York County ranks sixth in the state for the number of citations issued for texting while driving in the year since it became illegal in Pennsylvania, according to an analysis by AAA Mid-Atlantic.
York County's 65 citations fell behind Philadelphia (243 citations), Montgomery (111 citations), Allegheny (110 citations), Delaware (75 citations) and Bucks (67 citations).
Since the law went into effect March 8, 2012, there were 1,302 citations issued statewide, according to the analysis.
The motor club, which lobbies for texting bans in all 50 states and supported the change in Pennsylvania, also examined the number of distracted driving fatalities for 2012.
The number decreased from 59 deaths in 2011 to 57 deaths in 2012.
Primary offense: Texting while driving is a primary offense, which means no other violation is needed for a citation to be issued, with a $50 fine.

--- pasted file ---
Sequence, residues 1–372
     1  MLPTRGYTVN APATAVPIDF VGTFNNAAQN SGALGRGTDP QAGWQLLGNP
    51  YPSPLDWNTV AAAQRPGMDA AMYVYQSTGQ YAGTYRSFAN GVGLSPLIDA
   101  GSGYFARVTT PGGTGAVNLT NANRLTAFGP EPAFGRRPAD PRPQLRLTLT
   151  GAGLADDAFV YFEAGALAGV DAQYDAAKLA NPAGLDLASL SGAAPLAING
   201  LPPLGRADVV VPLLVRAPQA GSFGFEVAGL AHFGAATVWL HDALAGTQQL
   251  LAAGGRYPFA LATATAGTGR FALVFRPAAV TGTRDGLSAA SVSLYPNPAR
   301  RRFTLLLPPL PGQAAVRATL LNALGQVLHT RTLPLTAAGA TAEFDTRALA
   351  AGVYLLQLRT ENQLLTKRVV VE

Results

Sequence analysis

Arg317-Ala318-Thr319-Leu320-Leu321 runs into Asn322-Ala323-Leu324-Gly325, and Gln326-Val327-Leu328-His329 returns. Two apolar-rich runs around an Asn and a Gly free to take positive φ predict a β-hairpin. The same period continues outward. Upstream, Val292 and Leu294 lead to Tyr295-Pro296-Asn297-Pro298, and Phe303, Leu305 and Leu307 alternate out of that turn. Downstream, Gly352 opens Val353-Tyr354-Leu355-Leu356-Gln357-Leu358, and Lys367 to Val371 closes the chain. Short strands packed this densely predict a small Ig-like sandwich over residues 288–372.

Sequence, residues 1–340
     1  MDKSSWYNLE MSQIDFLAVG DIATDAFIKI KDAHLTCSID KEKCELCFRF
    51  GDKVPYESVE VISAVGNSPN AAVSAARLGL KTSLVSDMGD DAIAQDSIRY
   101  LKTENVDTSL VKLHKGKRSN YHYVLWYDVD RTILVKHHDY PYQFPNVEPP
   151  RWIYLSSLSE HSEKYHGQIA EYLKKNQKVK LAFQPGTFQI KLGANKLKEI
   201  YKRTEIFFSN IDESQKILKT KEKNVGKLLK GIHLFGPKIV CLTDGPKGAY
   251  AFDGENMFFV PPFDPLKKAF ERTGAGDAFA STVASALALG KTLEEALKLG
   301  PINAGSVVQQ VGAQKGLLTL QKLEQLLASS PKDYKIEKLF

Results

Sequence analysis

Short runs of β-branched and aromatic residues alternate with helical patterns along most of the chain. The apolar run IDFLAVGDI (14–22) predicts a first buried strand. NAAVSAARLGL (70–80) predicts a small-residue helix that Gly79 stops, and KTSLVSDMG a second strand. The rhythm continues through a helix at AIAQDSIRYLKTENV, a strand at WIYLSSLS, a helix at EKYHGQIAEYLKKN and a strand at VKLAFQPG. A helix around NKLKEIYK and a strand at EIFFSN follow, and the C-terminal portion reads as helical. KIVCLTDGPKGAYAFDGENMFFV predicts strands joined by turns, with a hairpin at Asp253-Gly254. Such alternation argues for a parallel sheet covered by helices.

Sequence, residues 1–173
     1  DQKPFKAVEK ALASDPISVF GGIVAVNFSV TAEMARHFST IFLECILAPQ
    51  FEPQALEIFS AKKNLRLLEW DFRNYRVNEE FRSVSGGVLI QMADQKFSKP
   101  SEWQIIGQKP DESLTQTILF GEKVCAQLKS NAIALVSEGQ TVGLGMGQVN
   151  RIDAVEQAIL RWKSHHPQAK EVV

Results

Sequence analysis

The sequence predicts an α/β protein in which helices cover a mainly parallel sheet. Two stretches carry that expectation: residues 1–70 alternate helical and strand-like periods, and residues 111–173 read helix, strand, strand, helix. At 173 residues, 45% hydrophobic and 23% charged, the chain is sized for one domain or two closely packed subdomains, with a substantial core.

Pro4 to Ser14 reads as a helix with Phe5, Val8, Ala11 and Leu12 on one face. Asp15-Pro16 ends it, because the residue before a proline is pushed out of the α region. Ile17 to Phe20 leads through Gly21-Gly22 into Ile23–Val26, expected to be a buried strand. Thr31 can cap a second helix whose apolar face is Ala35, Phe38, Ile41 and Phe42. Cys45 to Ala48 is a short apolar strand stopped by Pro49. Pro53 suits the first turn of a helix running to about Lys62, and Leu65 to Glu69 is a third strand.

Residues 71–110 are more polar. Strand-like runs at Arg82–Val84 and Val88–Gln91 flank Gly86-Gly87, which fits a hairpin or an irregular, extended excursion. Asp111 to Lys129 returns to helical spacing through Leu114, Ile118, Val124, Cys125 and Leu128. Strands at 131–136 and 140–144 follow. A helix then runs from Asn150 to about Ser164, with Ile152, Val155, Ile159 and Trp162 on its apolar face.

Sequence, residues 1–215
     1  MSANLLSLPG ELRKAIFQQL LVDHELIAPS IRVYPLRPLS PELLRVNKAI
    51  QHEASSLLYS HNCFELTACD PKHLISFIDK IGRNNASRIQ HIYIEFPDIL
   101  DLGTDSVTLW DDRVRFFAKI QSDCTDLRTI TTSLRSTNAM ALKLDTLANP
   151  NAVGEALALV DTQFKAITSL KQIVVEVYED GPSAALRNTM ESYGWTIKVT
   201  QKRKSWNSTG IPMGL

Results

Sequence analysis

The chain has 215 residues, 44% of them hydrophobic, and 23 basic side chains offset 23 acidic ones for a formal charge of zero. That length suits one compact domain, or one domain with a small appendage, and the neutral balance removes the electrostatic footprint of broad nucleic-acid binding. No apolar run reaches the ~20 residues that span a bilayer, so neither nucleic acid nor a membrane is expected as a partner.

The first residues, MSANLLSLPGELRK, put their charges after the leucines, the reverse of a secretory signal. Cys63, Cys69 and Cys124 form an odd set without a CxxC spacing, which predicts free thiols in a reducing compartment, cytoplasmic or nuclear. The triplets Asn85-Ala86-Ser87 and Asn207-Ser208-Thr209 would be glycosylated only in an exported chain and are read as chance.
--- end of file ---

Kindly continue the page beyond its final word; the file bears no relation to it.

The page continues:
But people who are texting while driving are often cited with secondary violations, the result of their distracted driving, said patrol Sgt. Rob Kelly with the York barracks of the state police.
Telltale signs include weaving in and out of lanes or coming to an abrupt stop because they don't see the vehicle in front of them stopped, he said, though officers can also identify texters because they see what they're doing in their cabins.
"A lot of times, people quick try to hide their phones," Kelly said.
Texting while driving follows the same pattern of other
distracted behaviors, including eating, applying makeup or picking up something that was dropped while driving, he said.
"It's not limited to highways," he said. "People are doing it wherever."
It's dangerous everywhere, he added, because people underestimate the distance a vehicle can travel in a second of taking their eyes off the road.
Kelly said the citations issued in York will serve as the best deterrent against texting while driving, and he regularly reminds officers to look out for it.
"When something gets enforced, it has an impact on the behavior," he said.
People who were cited or know someone who was cited are less likely to do it.
"There's greater awareness with enforcement ... a better chance of eliminating undesirable behaviors," he said.
-- Reach Christina Kauffman at email@example.com.